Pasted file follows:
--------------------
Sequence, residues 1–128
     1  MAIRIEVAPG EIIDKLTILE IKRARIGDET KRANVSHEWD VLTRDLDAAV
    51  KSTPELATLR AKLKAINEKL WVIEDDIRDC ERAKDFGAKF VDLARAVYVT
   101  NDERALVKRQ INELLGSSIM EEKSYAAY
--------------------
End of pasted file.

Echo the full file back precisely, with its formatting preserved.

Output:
Sequence, residues 1–128
     1  MAIRIEVAPG EIIDKLTILE IKRARIGDET KRANVSHEWD VLTRDLDAAV
    51  KSTPELATLR AKLKAINEKL WVIEDDIRDC ERAKDFGAKF VDLARAVYVT
   101  NDERALVKRQ INELLGSSIM EEKSYAAY